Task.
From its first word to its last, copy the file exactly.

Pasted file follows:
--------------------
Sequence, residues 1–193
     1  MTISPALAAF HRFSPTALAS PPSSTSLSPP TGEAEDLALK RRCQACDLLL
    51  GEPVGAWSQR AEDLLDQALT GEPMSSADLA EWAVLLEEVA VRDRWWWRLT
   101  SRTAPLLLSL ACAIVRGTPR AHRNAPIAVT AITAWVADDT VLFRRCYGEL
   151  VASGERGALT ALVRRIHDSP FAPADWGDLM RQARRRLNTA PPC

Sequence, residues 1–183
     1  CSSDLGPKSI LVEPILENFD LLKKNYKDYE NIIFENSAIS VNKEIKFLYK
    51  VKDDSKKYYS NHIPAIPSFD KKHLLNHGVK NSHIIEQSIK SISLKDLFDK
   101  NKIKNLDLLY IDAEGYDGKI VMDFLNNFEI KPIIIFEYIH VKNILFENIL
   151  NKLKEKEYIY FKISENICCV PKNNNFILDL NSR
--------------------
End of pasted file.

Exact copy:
Sequence, residues 1–193
     1  MTISPALAAF HRFSPTALAS PPSSTSLSPP TGEAEDLALK RRCQACDLLL
    51  GEPVGAWSQR AEDLLDQALT GEPMSSADLA EWAVLLEEVA VRDRWWWRLT
   101  SRTAPLLLSL ACAIVRGTPR AHRNAPIAVT AITAWVADDT VLFRRCYGEL
   151  VASGERGALT ALVRRIHDSP FAPADWGDLM RQARRRLNTA PPC

Sequence, residues 1–183
     1  CSSDLGPKSI LVEPILENFD LLKKNYKDYE NIIFENSAIS VNKEIKFLYK
    51  VKDDSKKYYS NHIPAIPSFD KKHLLNHGVK NSHIIEQSIK SISLKDLFDK
   101  NKIKNLDLLY IDAEGYDGKI VMDFLNNFEI KPIIIFEYIH VKNILFENIL
   151  NKLKEKEYIY FKISENICCV PKNNNFILDL NSR